Something to 'Bragg' about

When Daniel Bragg made his Gold Coast debut, he literally took a piece of his dad with him – his kidney.

Most kids who make it in professional football will tell you of the effort their parents put in to give them a football career. For Gold Coast United-s Daniel Bragg, that line takes on a whole new meaning.

When Daniel ran out for his debut start with Gold Coast on the weekend, he literally took a piece of his dad with him - his kidney.

A promising youth career for the Blacktown boy was cut short in 2008 when he was diagnosed with acute renal failure.

After captaining the 2002 NSW Junior Elite Squad, the Oceania Squad and jumping straight from under 12-s to the first grade side at Blacktown, Bragg saw his dreams, along with his health, start to slip away.

Tests showed his Creatinine levels at close to five times the norm and the resulting drowsiness and inability to keep food and drink down, sapped his energy. Bragg became the proverbial guinea pig, as cycles of experimental medicines followed in a bid to correct his failing kidney.

The treatments caused the problem to escalate and his weight ballooned, as more than 15 kilograms of fluid collected in his body, giving him what he describes as ‘ the appearance of a pregnant man”.

Being put on a drip successfully helped his body combat the fluid retention but left the young teenager just “skin and bones”, and with Creatinine levels peaking at about the 1500 mark (normal blood level is about 50-100), doctors stepped in and told Bragg his playing days were over.

His final match was to be for his state league side, and in a bittersweet afternoon for the family watching on, Bragg slotted in two goals then checked into hospital and promptly fell asleep through sheer exhaustion.

A biopsy revealed a transplant was the only answer. As Bragg recalls, it was the start of a whole new chapter. “I had a catheter inserted for short term dialysis, which meant I couldn-t even take a proper shower or go swimming.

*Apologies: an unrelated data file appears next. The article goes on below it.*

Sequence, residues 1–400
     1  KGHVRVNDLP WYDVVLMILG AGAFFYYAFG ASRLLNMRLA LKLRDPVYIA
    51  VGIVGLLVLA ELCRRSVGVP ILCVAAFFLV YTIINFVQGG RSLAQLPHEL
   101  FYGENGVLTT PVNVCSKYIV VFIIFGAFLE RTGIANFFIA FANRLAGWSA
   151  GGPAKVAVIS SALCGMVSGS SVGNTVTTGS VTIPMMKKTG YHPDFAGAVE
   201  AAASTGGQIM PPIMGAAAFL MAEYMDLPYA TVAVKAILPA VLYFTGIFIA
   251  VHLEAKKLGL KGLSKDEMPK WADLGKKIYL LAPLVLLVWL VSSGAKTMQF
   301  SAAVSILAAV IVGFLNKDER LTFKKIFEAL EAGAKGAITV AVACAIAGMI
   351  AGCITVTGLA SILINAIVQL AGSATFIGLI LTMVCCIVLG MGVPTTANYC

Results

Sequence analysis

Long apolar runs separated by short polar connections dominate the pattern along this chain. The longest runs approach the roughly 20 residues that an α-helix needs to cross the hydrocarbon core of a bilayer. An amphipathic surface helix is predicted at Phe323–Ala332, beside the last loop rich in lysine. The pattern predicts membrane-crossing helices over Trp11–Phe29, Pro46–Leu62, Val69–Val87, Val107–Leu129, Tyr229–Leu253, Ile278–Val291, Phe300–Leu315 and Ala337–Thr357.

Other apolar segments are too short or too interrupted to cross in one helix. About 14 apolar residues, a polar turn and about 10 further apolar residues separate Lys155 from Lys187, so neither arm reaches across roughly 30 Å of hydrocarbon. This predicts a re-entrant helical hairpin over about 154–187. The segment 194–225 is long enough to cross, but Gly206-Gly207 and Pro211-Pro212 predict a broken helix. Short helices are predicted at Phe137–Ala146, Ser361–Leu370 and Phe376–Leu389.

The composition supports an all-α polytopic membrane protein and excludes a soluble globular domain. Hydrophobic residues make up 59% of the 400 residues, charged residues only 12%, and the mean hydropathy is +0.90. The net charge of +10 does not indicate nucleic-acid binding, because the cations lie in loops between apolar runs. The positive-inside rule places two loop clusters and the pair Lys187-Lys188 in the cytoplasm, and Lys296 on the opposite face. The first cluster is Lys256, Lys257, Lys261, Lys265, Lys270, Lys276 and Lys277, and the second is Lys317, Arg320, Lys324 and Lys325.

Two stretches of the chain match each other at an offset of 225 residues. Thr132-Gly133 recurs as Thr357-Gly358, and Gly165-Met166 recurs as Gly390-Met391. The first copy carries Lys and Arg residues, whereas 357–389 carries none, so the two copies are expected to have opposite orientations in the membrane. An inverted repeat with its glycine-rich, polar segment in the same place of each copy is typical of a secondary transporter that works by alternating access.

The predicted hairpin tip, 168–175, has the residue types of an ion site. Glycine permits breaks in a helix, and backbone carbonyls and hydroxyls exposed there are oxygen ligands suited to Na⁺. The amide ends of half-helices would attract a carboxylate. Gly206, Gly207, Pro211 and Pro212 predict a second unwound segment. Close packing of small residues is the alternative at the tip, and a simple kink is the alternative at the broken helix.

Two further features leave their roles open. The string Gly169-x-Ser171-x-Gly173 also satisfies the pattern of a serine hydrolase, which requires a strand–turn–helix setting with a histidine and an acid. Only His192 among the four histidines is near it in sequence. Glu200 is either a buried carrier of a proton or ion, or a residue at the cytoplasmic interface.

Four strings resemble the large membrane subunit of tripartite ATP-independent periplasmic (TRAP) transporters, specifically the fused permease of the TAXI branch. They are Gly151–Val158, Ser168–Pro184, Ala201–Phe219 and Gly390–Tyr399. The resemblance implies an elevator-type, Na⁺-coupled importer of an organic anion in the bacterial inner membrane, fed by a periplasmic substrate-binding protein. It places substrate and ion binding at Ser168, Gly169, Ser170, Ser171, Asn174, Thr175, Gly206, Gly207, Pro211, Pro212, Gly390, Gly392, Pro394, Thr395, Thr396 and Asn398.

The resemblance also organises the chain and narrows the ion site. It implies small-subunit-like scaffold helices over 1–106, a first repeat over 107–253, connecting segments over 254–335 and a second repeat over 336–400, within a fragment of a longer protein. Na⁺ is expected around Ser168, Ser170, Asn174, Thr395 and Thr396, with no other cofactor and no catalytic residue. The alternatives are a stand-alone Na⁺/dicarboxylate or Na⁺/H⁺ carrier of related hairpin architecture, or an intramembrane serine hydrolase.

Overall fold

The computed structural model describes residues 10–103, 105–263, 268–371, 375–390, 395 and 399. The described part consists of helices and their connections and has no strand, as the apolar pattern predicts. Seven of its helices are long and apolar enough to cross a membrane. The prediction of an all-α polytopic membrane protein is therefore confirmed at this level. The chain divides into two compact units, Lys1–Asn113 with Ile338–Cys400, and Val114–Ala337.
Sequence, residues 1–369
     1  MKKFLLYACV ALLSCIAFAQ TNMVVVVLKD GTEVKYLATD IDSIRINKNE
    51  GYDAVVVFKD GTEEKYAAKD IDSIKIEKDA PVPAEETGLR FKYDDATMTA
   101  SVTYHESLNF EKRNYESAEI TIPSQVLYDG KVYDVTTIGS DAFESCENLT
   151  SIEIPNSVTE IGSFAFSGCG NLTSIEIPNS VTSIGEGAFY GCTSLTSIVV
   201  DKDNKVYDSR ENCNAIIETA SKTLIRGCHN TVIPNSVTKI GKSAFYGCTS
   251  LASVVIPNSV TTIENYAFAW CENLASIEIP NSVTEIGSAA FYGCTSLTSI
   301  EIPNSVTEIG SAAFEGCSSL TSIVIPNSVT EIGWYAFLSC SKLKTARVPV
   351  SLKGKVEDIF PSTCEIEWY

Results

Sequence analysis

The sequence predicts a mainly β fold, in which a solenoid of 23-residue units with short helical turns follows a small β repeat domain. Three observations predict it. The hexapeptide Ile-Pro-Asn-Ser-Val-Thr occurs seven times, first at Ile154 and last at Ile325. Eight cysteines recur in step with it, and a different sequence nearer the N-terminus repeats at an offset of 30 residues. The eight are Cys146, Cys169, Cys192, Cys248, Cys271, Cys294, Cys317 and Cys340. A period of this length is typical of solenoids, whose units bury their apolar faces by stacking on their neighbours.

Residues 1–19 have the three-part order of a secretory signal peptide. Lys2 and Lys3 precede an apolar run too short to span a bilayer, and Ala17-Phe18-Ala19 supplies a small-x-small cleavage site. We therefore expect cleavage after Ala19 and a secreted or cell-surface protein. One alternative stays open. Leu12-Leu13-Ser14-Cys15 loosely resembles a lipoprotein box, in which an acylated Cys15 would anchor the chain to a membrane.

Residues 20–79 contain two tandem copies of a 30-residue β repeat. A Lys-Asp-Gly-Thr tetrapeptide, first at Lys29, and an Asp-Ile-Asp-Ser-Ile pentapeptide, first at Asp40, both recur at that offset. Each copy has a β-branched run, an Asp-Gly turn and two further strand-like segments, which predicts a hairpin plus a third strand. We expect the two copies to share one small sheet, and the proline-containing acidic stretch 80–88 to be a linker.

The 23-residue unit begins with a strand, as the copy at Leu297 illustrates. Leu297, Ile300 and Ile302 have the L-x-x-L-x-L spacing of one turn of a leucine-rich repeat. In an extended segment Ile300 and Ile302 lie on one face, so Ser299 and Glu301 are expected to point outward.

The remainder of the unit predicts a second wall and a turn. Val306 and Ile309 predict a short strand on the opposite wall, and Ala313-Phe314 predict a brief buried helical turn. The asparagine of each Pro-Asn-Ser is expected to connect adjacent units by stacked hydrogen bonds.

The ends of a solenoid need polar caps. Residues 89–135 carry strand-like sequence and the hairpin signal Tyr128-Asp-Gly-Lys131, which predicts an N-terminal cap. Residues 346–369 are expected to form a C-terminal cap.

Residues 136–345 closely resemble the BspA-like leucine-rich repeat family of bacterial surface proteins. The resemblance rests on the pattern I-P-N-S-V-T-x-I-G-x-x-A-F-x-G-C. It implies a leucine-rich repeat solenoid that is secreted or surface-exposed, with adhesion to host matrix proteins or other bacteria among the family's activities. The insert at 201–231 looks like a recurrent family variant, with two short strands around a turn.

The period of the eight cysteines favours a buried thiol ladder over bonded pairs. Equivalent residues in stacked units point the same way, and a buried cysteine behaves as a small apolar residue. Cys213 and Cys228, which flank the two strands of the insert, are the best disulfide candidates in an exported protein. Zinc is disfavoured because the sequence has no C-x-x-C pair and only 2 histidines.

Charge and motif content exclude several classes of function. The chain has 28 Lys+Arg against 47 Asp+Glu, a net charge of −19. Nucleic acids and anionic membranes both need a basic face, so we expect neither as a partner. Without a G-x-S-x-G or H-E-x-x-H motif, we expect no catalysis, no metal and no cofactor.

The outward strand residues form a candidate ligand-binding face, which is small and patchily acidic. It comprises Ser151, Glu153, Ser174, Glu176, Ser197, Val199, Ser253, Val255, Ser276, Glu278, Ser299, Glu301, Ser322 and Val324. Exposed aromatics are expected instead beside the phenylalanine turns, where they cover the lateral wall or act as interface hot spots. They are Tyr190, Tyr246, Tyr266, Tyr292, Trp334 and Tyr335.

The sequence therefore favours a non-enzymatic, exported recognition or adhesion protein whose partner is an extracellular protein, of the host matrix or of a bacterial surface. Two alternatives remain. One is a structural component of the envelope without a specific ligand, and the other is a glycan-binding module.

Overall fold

If water got into the catheter it could mean infection and I couldn-t run for risk of the catheter being pulled out, it was a pretty difficult, frustrating time”.

Support on the sidelines was nothing compared to the unanimous decision his family made when the search for a suitable kidney donor began. Every member of the Bragg family put up their hand and it was mum that proved the perfect match.

Too perfect, as it turned out. “Mum-s kidney was rated a 4 out of 6 which is considered a perfect match, but the doctors were concerned that my body would recognise it as my own and start to attack it."

In the end it was dad, Matthew, that stepped up to the plate and September 18, 2008 saw both Daniel his father preparing for the match of their lives.

Despite the medics prediction that competitive football was a thing of the past, Daniel still felt his dream was not over.

“I went for a walk one day and near my house is a bit of a hill, I looked at it and just thought, why not? So I jogged up it and went for it. I knew straight away that I could do this”.

Long overdue for a stroke of luck, Daniel was a senior at Westfield Sports High, (whose alumni are well known throughout the football world with names like Kewell, Emerton and Culina among their ranks) when students were asked to volunteer so that a group of coaches undergoing their A-licence could perform drills with them. Bragg-s hand went straight up.

One of the coaches on that course was Miron Bleiberg, who says “I saw Daniel train for the whole week and each day I saw better and better things, so I decided to bring him to the Gold Coast”.

When Bragg got the call from the club, he thought it was a friend playing a joke, and took some convincing that the moment every player waits for, had just arrived.

His debut for the senior team almost had a fairytale quality, with just Eugene Galekovic between him and a first professional goal.

It had been more than 12 years since Daniel Bragg sat down with his dad, watched Paul Scholes and David Beckham play for Manchester United and uttered those fateful words “I want to do that”.

And Matthew Bragg was the first person Daniel called after his game on the weekend.

“He said he-d been glued to the television for every minute - he knows the blood, sweat and tears that went into this - he was on Cloud Nine”.

Today, the only reminder of those turbulent times with his health is the 10 tablets a day he needs to take as an ongoing precaution, but Bragg says it-s no longer something he dwells on.

When asked about being in the same unique group as Bolton Wanderer-s Ivan Klasnic, (who became the first kidney transplant recipient to play in a major tournament when he ran out for Croatia in Euro 2008) he waves it away.

“I don-t want to be the Cinderella story, or the kid that came back. I just want to be Daniel.”

And why not? Being Daniel is working out just fine.